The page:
By Evan Maina Mwangi
Explores the metafictional concepts of up to date African novels instead of characterizing them essentially as a reaction to colonialism.
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Additional resources for Africa Writes Back to Self: Metafiction, Gender, Sexuality
The novel presents them as dancing with grace in support of their own oppression. The songs present the subaltern speaking through her body and voice to aggrandize her own marginalization in a patriarchal society. This is best captured in the women’s participation in the literary components of the ceremony: Men shrieked and shouted and jumped in the air as they went round in a circle. For them, this was the moment. This was the time. Women, stripped to the waist, with their thin breasts flapping on their chests, went round and round the big fire, swinging their hips and contorting their bodies in all sorts of provocative ways, but always keeping the rhythm.
I allude indirectly to Shklovky’s notion of estrangement throughout the study not only because it structures much of the contemporary theorizing of literature but also because metafiction is a form of proliferated defamiliarization. In the search for a genealogy of metafiction in African novels, I also consider Ngu˜gı˜ wa Thiong’o’s and Fredric Jameson’s separate reminders that all literature is political, not the least texts and stylistic elements that appear to be apolitical. Metafiction as a technical device has been used in different ways to defamiliarize and consequently demystify African social experience and to serve as a forum for political intervention.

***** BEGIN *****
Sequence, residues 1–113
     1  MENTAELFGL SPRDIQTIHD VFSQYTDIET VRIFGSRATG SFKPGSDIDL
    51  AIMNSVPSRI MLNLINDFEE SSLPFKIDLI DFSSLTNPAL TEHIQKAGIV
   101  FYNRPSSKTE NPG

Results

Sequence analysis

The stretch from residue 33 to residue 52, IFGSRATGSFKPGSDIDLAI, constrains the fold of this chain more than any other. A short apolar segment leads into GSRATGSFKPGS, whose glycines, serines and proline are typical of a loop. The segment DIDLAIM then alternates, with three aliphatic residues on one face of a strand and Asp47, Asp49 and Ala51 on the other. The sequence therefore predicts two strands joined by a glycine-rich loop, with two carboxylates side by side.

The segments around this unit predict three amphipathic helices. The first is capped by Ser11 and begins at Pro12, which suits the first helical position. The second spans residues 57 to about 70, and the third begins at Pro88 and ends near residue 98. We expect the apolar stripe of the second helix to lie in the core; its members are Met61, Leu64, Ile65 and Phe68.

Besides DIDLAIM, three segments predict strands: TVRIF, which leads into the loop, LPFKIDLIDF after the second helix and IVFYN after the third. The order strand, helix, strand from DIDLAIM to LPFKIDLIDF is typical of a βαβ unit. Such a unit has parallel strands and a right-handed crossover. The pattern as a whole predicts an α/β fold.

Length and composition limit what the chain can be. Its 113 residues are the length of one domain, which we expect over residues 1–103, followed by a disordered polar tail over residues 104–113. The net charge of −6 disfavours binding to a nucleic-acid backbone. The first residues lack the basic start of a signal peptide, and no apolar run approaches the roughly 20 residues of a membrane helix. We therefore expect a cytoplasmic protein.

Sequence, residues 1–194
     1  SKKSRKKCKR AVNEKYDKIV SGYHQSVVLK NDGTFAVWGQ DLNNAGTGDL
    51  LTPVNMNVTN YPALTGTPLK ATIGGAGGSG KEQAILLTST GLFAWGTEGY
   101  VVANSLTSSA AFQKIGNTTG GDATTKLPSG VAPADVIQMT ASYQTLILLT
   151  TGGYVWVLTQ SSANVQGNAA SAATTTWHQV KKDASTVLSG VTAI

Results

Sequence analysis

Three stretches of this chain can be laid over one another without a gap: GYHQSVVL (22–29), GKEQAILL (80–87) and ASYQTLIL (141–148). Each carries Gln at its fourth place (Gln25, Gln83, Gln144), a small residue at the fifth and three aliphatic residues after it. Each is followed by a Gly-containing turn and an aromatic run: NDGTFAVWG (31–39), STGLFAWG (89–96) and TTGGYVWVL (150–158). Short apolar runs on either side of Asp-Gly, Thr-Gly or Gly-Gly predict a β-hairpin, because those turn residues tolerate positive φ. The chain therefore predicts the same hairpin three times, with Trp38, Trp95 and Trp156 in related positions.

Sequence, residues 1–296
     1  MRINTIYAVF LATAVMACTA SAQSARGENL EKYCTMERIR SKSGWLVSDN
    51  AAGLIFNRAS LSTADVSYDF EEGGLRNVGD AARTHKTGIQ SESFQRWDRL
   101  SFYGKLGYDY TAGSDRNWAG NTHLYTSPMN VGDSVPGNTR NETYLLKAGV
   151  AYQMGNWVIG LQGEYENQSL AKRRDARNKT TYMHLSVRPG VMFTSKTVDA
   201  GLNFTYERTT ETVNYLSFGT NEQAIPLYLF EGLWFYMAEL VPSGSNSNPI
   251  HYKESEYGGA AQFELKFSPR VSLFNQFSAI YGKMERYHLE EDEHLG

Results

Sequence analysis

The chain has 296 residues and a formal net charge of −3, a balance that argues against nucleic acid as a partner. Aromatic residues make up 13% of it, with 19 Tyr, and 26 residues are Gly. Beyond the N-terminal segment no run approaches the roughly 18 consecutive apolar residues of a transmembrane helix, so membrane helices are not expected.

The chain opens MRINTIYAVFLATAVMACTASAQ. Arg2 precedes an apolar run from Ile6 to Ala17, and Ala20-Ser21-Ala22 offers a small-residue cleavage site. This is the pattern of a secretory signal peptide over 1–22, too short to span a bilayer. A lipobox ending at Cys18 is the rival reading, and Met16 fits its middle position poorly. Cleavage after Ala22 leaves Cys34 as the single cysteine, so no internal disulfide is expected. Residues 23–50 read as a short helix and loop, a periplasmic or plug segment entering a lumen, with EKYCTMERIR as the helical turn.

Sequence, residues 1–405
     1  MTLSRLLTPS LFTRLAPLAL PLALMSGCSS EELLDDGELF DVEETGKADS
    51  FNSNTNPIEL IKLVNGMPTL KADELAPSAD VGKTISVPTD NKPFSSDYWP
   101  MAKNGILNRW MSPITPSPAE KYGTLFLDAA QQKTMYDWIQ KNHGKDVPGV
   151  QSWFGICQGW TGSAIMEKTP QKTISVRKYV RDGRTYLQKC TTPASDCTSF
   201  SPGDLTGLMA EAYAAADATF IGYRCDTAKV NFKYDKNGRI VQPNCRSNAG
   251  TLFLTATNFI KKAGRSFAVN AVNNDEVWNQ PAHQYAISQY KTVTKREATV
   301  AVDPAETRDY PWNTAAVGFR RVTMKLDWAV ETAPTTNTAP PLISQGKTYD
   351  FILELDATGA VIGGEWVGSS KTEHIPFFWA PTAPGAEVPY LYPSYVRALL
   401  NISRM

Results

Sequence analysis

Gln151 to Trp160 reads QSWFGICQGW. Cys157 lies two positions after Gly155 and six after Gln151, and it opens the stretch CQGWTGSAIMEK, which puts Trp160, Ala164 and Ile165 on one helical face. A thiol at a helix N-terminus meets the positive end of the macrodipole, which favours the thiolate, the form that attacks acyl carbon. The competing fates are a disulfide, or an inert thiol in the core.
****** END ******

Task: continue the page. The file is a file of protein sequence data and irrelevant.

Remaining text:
Echoing Bhabha, Olaniyan forges a third space that recognizes the inevitable interimplication between European and African forms and that sees literary production as a process that does not fossilize African literature into a static entity with a supposed culturalist leverage over other social categories. For Olaniyan, post-Afrocentricity distinguishes itself as “a singular insistence on unscrambling and supplanting the excessive Manichaeism that both constitutes the Eurocentric and undermines the subversive potential of the Afrocentric, while both affirming instead the foundational premise of an irreversible imbrication of histories, and therefore cultures and cultural forms” (1995, 4).